Bookmark
              • Record: found
              • Abstract: found
              • Article: found
              Is Open Access

              Mobile phone use and stress, sleep disturbances, and symptoms of depression among young adults - a prospective cohort study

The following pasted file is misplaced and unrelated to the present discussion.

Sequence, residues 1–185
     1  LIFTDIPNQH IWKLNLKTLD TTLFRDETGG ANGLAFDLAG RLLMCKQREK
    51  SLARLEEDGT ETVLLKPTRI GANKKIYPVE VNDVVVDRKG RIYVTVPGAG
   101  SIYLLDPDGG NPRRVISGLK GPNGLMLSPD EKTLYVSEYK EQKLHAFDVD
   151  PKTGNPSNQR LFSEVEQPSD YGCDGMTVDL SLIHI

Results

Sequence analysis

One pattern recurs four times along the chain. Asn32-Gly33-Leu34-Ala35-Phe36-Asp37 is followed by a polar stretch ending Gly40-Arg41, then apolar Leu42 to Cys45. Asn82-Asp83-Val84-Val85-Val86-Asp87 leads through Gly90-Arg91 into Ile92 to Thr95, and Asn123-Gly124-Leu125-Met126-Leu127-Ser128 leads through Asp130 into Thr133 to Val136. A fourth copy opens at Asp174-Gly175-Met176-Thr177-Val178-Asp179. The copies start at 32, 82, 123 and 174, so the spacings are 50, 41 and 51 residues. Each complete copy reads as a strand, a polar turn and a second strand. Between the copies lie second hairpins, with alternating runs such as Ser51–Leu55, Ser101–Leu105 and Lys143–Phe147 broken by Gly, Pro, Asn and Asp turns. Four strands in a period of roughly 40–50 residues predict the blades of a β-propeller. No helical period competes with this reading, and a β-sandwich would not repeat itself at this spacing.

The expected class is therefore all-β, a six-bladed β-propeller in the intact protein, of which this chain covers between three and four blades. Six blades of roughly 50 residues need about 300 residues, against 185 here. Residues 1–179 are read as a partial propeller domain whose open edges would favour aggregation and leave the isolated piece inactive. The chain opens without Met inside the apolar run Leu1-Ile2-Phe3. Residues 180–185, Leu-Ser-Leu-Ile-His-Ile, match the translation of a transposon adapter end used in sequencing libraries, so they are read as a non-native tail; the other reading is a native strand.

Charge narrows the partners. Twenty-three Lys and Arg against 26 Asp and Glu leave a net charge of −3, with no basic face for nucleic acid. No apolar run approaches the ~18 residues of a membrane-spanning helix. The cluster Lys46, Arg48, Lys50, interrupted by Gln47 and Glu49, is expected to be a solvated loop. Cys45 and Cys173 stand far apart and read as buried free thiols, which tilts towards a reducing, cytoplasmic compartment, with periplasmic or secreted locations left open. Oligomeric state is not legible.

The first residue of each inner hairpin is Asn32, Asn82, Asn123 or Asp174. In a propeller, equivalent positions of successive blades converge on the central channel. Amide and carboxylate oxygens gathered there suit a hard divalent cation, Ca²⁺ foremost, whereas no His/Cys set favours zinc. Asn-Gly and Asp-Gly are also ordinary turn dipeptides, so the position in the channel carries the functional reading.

Background Because of the quick development and widespread use of mobile phones, and their vast effect on communication and interactions, it is important to study possible negative health effects of mobile phone exposure. The overall aim of this study was to investigate whether there are associations between psychosocial aspects of mobile phone use and mental health symptoms in a prospective cohort of young adults. Methods The study group consisted of young adults 20-24 years old (n = 4156), who responded to a questionnaire at baseline and 1-year follow-up. Mobile phone exposure variables included frequency of use, but also more qualitative variables: demands on availability, perceived stressfulness of accessibility, being awakened at night by the mobile phone, and personal overuse of the mobile phone. Mental health outcomes included current stress, sleep disorders, and symptoms of depression. Prevalence ratios (PRs) were calculated for cross-sectional and prospective associations between exposure variables and mental health outcomes for men and women separately. Results There were cross-sectional associations between high compared to low mobile phone use and stress, sleep disturbances, and symptoms of depression for the men and women. When excluding respondents reporting mental health symptoms at baseline, high mobile phone use was associated with sleep disturbances and symptoms of depression for the men and symptoms of depression for the women at 1-year follow-up. All qualitative variables had cross-sectional associations with mental health outcomes. In prospective analysis, overuse was associated with stress and sleep disturbances for women, and high accessibility stress was associated with stress, sleep disturbances, and symptoms of depression for both men and women. Conclusions High frequency of mobile phone use at baseline was a risk factor for mental health outcomes at 1-year follow-up among the young adults. The risk for reporting mental health symptoms at follow-up was greatest among those who had perceived accessibility via mobile phones to be stressful. Public health prevention strategies focusing on attitudes could include information and advice, helping young adults to set limits for their own and others' accessibility.